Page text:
- Emergency savings. If you don't have a healthy emergency savings account, you may want to prioritize that before you invest more during a crisis or recession. Setting aside funds for a financial hardship, such as a job loss, or temporary illness or disability, should be a high priority regardless of economic conditions.
- High-cost debt. If you're paying a higher rate for your credit card debt than you believe you could earn from appropriate investments, paying off your debt and eliminating that expense from your budget may be more important than investing more during a crisis or recession.
- Short-term needs. If you expect to need cash for short-term expenses, such as rent, home repairs, college tuition, or medical costs, or if you expect to retire within the next few years, you may not want to invest more because your time horizon could prove too short for you to recoup any losses.
- Retirement savings. Saving for retirement should be an important goal even during a crisis or recession. If you have a retirement plan or individual retirement account, you may want to continue to invest so you can take advantage of the income tax benefits and your employer's match, if you receive one.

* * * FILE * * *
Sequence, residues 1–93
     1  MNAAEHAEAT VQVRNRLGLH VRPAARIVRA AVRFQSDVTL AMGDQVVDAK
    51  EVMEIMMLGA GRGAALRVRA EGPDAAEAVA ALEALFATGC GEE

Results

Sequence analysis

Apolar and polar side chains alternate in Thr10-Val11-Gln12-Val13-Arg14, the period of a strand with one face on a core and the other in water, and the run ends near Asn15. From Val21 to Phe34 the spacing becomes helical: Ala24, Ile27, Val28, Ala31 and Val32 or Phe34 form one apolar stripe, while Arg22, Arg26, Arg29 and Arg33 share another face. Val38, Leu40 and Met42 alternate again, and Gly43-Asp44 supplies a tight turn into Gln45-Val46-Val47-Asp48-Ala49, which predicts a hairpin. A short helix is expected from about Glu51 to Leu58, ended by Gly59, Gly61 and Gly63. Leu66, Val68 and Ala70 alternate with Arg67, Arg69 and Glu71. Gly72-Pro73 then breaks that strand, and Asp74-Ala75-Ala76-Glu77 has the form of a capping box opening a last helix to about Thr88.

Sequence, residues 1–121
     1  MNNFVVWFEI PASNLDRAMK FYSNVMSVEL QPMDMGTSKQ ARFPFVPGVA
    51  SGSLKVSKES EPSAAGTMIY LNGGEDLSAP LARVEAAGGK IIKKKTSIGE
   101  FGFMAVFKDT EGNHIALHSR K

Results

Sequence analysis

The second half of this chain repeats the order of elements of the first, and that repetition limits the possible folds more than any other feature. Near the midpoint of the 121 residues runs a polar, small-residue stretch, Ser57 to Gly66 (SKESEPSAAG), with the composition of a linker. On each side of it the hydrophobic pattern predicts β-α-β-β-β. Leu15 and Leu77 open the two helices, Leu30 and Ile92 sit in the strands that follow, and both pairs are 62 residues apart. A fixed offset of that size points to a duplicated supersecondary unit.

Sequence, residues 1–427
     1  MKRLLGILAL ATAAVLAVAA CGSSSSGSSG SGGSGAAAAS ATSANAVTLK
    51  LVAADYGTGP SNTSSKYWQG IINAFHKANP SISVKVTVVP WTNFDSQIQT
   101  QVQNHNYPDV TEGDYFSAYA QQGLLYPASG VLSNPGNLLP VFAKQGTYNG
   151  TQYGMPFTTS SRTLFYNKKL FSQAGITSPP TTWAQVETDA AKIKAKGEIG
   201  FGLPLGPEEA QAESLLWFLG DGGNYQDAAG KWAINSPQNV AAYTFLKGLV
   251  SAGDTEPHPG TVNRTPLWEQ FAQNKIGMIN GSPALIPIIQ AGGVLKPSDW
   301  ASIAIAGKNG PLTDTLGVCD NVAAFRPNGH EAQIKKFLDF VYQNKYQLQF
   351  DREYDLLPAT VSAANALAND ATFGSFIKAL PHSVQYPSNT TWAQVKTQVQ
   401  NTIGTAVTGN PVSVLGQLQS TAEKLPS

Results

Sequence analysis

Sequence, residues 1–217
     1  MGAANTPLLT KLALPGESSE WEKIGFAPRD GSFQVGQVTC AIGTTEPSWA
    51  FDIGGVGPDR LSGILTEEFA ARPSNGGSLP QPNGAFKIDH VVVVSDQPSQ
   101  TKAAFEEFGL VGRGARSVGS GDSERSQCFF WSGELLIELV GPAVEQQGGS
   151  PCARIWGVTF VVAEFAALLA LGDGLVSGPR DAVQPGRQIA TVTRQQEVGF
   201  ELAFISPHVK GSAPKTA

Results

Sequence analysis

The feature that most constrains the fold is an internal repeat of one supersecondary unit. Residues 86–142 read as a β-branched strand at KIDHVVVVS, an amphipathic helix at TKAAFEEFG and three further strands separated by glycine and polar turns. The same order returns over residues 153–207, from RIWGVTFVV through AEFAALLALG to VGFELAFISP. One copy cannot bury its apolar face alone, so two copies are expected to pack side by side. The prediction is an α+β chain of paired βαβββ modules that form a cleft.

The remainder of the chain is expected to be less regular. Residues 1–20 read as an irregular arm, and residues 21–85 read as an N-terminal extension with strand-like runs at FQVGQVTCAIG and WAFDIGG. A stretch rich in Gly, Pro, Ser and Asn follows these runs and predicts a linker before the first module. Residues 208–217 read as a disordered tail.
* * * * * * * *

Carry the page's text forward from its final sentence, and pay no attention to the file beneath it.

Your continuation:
Strategies for investing
Investment decisions are highly personal and depend greatly on personal situations. That's especially true during an economic expansion or recession.
For example, a younger person in good health with a steady income, and good career prospects may be more inclined to invest during a crisis or recession than an older person or someone in poor health who relies on limited savings for daily living expenses. The key difference is the time horizon. The younger person can ride out market fluctuations and earn more income to make up any losses while the older person cannot.
Those generalities may not hold true for all investors in those situations. The younger person may also have children and choose to prioritize saving for their educations. The older person may also have substantial assets and want to create wealth for the next generation. In those cases, the time horizon may be flipped.